When no one believed he had a chance to win a medal, lest a gold, Manjit Singh Chahal did the unthinkable when he won his first gold medal in the 800 meters event at the 2018 Asian Games at Jakarta.
Manjit Singh Chahal is nothing short of being a phoenix who rose from ashes and turned into gold. His incredible winning ways, record-setting exploit as well as qualification for the final as the eighth fastest runner has catapulted his fame, as well as made him a potential medalist for the 2020 Tokyo Olympics. Hailing from Haryana, with ample potential and an indispensable spark to carve a niche, Manjit is a middle-distance runner who specialises in the 800 metres and 1500 metres events. His humble beginnings with limited means got him no support from any sponsor or godfather; neither did he let his spate of bad luck over the years sidetrack his love for running. He simply made the most of what he had when it really mattered-he made history. He tells us more in this exclusive conversation.
Tell us about your early days, schooling, and education. Were you always inclined to athletics?
I belong to a family of farmers. Like any other child, I grew up herding cattle and running around empty fields with no real dream or passion. It was all fueled once I saw my father winning medals. I passed Class X and XII from SD Model School and Ch. Devi Lal School, Narwana, respectively. There I won many positions in the National School Games. In fact, I was one of the 15 students selected for the Sports Nursery at Narwana in 2003. The coaches, Mewa Singh and Karan Singh, recognized my potential as a distance runner and insisted that I join the Jalandhar Sports Academy after Class XII in 2005. After Jalandhar, I joined the NIS, Patiala, from 2010 to 2013 and the rest to use a cliché is history.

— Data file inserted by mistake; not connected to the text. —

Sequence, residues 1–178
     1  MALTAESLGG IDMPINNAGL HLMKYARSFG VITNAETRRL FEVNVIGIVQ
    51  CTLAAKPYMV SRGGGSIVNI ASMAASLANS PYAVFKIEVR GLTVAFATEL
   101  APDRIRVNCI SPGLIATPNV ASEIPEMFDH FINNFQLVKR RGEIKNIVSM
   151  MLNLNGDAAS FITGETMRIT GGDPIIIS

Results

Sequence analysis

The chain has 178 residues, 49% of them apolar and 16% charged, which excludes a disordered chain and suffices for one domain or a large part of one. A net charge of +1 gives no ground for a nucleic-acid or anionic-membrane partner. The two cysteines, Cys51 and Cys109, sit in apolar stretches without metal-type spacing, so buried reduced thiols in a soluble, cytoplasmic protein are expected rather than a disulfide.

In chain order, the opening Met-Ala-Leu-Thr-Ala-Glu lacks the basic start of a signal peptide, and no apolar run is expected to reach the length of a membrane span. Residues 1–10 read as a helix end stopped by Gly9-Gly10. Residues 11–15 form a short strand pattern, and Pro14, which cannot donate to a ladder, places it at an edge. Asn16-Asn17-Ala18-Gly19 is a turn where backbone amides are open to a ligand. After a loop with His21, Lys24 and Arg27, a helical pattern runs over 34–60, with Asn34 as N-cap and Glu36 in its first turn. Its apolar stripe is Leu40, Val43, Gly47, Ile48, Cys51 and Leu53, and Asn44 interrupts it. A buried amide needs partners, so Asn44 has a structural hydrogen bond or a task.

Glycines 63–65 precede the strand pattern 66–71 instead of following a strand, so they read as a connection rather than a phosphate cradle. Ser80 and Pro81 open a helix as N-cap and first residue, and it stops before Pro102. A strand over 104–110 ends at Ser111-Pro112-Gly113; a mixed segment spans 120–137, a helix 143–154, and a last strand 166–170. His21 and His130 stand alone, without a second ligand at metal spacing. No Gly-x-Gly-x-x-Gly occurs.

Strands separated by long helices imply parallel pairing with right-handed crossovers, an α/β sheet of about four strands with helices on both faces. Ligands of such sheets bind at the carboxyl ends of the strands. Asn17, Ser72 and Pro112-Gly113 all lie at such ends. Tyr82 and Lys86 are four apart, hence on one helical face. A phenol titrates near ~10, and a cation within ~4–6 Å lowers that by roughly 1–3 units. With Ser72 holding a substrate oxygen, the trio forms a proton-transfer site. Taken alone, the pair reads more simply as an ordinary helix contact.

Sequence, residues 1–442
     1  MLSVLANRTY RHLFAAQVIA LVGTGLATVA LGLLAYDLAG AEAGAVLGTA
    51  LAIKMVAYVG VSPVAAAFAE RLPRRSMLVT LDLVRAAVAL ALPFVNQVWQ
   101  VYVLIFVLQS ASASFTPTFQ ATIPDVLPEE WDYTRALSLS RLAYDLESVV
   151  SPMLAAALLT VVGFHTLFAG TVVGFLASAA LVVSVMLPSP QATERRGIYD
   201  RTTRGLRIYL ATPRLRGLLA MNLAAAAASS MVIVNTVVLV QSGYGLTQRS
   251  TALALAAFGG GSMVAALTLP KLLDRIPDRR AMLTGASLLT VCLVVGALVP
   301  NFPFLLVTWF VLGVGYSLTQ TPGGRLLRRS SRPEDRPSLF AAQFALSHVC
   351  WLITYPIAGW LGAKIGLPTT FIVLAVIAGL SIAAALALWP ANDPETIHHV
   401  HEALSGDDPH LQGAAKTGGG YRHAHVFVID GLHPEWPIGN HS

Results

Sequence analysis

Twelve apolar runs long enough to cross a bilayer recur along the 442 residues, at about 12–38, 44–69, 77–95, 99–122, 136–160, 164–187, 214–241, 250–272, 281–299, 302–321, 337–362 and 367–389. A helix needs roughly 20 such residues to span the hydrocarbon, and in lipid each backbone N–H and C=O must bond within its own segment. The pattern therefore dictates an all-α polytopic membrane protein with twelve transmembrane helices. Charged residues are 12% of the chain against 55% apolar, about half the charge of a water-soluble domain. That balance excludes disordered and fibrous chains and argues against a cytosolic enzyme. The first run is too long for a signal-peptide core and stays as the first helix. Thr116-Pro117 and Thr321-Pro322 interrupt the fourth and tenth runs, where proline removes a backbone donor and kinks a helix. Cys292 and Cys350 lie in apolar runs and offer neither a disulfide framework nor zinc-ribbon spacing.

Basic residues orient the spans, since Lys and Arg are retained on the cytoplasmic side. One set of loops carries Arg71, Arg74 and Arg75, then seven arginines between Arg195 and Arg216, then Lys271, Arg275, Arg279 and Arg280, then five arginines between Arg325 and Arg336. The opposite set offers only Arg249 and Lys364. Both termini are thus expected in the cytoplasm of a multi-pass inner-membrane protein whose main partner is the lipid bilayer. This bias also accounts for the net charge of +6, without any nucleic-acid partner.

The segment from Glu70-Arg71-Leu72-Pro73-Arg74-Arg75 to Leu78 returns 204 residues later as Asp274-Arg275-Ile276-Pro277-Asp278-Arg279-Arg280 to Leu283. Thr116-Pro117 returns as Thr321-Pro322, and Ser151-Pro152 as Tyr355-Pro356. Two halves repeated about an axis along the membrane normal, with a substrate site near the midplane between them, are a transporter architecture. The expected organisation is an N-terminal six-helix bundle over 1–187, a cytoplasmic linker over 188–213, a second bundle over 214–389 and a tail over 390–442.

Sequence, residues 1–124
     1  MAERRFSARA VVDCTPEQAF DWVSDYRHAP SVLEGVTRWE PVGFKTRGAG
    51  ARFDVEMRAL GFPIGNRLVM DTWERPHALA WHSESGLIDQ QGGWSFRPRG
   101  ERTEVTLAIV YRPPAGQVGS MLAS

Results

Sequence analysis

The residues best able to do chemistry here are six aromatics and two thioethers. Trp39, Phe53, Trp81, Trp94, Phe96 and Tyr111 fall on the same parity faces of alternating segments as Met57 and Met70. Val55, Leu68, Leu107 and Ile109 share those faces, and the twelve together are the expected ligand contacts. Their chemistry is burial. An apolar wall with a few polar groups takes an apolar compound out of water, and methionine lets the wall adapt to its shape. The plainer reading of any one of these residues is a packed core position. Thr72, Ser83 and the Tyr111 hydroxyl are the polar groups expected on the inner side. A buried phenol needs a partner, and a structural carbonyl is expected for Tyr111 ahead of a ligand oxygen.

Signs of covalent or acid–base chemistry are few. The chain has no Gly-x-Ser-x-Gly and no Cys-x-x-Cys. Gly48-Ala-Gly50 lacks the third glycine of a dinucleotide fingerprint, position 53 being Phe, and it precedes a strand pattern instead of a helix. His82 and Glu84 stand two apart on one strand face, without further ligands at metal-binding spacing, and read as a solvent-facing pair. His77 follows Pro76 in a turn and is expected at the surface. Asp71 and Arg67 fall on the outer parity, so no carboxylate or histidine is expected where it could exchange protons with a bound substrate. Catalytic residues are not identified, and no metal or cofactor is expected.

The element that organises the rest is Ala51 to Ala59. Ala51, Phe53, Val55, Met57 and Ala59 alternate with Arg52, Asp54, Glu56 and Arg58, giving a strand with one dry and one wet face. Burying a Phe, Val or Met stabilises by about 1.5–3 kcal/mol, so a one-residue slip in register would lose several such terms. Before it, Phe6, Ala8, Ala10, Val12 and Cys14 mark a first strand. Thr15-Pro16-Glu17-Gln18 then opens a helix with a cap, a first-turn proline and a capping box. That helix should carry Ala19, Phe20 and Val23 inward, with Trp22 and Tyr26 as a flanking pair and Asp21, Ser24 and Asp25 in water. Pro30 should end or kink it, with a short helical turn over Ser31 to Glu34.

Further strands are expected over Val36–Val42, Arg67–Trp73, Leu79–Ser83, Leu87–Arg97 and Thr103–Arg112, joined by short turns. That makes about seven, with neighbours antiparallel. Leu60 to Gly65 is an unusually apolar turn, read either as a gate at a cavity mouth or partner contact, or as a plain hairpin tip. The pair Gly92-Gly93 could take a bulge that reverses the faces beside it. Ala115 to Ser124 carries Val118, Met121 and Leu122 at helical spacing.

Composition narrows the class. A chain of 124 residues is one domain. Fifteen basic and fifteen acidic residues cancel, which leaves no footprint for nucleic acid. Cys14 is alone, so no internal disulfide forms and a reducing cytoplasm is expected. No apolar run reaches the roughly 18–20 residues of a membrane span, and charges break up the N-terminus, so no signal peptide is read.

When did you realize you wanted to be an athlete?
I was exposed to athletics by my father Randhir Singh Chahal – a former state-level shot putter who now runs dairy business to sustain our family. I used to accompany him to different state-level athletics tournaments and saw him win several medals. This exposure propelled my decision to become a world-class athlete. As a child, I remember my father telling me; when I was five years old I started running, and I used to run with freedom on our farmland, climb hillocks, run to Jind town and bring groceries. I guess it was all there, I was born with it and it just needed to come out for the world to see. Also, my father took the initiative of taking me to the ground where I saw many people training. At first, it felt like a forced activity for me of going to the ground daily, but eventually I realised even I wanted to train and take up running professionally.
What challenges did you face when you decided to be an athlete and how did you overcome them?
Life always gives us two choices. Either we can run away from our problems or we can run towards our dreams. There will always be challenges in our way, how we choose to overcome them is what defines us. I come from a very humble family with limited means. I did not have any sponsor or godfather to back me. However, I made the most of what I had. I started as a distance runner in the year 2013 and made my mark at the Federation Cup in 2014. Sadly, back in 2010, when I ran the Commonwealth Games and finished last in my semifinal, I not only lost the race but my job as well. I was also unfortunately plagued by injuries for a couple of years, which is a lot for an athlete but I did not lose focus. There was a time when I had reached the peak of my frustration, but after meeting my coach Amrish Kumar, I gained perspective. He urged me to channel my frustration towards my own good. I remember, when I requested him to train me, he said ‘You will have to forget everything and focus on just training’. My coach dedicated all his time and energy in training me. A lot of attention was focused on improving my timing for the Asian Games. At the centre, most of the trainees would take holidays but neither my coach nor me went to our homes for two years. So much so, that even when my son was born I did not go home to see him. This is the level of dedication you need when you want to win. These are the challenges you need to overcome if you want to win.